What can be said about The Thing that hasn’t been said before? John Carpenter’s sci-fi horror is now considered a masterpiece, but it wasn’t always so. In its year of release, 1982, The Thing didn’t connect with audiences (grossing just $19.5 million from a $15m budget), and had to be discovered and fully appreciated on VHS. Following on from Halloween (1978) and The Fog (1980), The Thing was always going to be a challenge for Carpenter, but the filmmaker upped his game to such an extent the world wasn’t ready for what he delivered.
Carpenter’s mastery at manipulating an audience is on full display during The Thing. As demonstrated in his previous movies, he completely understands what makes an audience tick and makes creating suspense look deceptively easy. Using this movie’s claustrophobic environment of a frozen research station, mixed with a Lovecraftian fear of the unknown, we’re taken on a terrifying journey that many copycats have tried in vain to replicate.
For the uninitiated, The Thing revolves around pilot R.J MacReady (Kurt Russell) and an Antarctic research team discovering a camp full of dead Norwegian scientists. Unbeknownst to them, the victims were killed by a predatory shape-shifting alien that crash-landed nearby and has been buried in the ice for aeons. It sounds ridiculous, but works perfectly thanks to the great performances, expert direction, and a haunting score by Ennio Morricone that heightens the psychological drama.
Russell’s at his best as MacReady, a man forced to lead a group of men fighting for survival. He has an innate charisma that makes him perfect leading man material. You want MacReady to survive and feel genuinely concerned when others become paranoid he’s ‘the thing’ in disguise. Supporting actors like Richard Dysart, Wilford Brimley, and Keith David form part of an ensemble who generate a tense dynamic of unease and suspicion.
Whether it’s blood tests or journal entries, the search for the truth is a nail-biting one that withstands repeat viewings. The Thing hasn’t lost any of its impact over the decades, and knowing what’s coming often makes things even more unbearable.
The famously ambiguous ending is also an impactful way to leave this story open-ended, and all the more depressing for it. Carpenter captures the mystery and darkness of this frozen continent, aided by Morricone’s minimalist score, creating the perfect atmosphere for such a strange tale to unfold.
It’s no surprise that Arrow Video have decided to release a Special Edition Blu-ray of The Thing, packed with bonus material and a 4K remastering. The Thing deserves every bit of love and attention Arrow’s new release bestows on it. The new visual transfer highlights Dean Cundey’s chilly cinematography better than ever before, while the special features contain about as much behind-the-scenes information one could hope for. Modern horror movies often disappoint because they’re lazy and predictable, so rewatching this masterful benchmark of the genre comes highly recommended.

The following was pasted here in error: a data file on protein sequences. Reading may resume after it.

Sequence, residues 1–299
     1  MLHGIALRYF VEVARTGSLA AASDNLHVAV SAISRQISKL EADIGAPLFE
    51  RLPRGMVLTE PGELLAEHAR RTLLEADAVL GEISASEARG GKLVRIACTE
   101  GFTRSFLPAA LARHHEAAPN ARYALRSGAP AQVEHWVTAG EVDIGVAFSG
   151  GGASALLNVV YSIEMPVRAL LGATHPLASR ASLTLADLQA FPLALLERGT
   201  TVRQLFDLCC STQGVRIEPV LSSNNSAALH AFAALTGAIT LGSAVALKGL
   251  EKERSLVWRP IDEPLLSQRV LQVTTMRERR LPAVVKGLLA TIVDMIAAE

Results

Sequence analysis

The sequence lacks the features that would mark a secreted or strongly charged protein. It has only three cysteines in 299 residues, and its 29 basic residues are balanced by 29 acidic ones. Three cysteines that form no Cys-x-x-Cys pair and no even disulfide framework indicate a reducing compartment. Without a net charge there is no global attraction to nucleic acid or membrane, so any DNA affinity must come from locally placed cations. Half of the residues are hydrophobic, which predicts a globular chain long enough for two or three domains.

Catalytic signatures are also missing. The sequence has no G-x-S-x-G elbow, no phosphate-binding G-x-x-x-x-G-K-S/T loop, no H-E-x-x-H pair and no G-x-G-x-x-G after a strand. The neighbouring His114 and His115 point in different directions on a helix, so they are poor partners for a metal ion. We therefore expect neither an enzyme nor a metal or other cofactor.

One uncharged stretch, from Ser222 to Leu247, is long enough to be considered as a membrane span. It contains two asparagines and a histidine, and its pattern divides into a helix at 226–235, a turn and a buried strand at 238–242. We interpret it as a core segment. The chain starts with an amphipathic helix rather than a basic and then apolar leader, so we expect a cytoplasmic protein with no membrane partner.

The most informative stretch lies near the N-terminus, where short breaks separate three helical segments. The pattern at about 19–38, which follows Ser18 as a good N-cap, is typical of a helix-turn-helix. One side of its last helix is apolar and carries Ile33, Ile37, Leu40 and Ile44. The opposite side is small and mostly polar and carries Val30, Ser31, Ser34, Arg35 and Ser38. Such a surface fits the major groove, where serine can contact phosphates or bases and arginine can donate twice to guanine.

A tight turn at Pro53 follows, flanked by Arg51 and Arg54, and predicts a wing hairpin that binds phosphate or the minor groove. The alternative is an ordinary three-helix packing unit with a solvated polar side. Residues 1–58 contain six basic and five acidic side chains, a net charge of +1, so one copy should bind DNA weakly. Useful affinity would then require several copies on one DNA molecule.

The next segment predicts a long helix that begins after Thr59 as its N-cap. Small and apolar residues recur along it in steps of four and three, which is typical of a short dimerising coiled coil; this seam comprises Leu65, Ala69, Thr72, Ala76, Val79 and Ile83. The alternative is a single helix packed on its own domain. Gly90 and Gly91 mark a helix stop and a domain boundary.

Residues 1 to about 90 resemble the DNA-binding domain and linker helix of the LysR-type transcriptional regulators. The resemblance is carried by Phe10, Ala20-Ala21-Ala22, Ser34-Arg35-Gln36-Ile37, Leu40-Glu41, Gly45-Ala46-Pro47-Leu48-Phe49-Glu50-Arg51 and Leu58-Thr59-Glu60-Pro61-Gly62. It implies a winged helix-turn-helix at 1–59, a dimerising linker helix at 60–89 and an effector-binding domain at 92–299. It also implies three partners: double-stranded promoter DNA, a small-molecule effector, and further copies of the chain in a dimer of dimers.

- Audio commentary by John Carpenter and actor Kurt Russell. If commentaries are your jam then this is a decent effort from two men with a clear fondness for the project, and a keen understanding about what they were trying to deliver. Both men, Carpenter especially, consider it a great movie and something to be proud of.
- Who Goes There? In Search of The Thing. This is a new feature length documentary, produced by Ballyhoo Motion Pictures, which explores the history of The Thing; from the original novella to John Carpenter’s terrifying classic. It features new interviews with the cast and crew, as well as authors, historians, and critics. This is a fascinating documentary, and the respect each contributor gives the movie makes you realise why so many people championed it after its release. This documentary is exactly the type of high quality extra Arrow does best, enhancing your own love of the film.
- 1982: One Amazing Summer. A new retrospective documentary, again produced by Ballyhoo Motion Pictures, about the unforgettable films released in the summer of 1982. The Thing was up against the likes of E.T: The Extra-Terrestrial, so it’s perhaps understandable why audiences weren’t primed for a nastier alien movie. It was a wrong place, wrong time situation.
- John Carpenter’s The Thing: Terror Takes Shape. This is an archival documentary on the background and production of the film. If you’re not overwhelmed by knowledge about The Thing by this point then it’s an interesting piece more from a technical viewpoint about how the movie got made. One for hardcore fans.
- Trailers, Teasers, TV & Radio Spots.
- Still Galleries.
- Lobby Cards.
- Book containing new writing on the film.
Cast & Crew
director: John Carpenter.
writer: Bill Lancaster (based on the novel ‘Who Goes There?’ by John W. Campbell, Jr.)
starring: Kurt Russell, A. Wilford Brimley, T.K Carter, David Clennon, Keith David, Richard Dysart, Charles Hallahan, Peter Maloney, Richard Masur, Donald Moffat, Joel Polis, Thomas Waites & Norbert Weisser.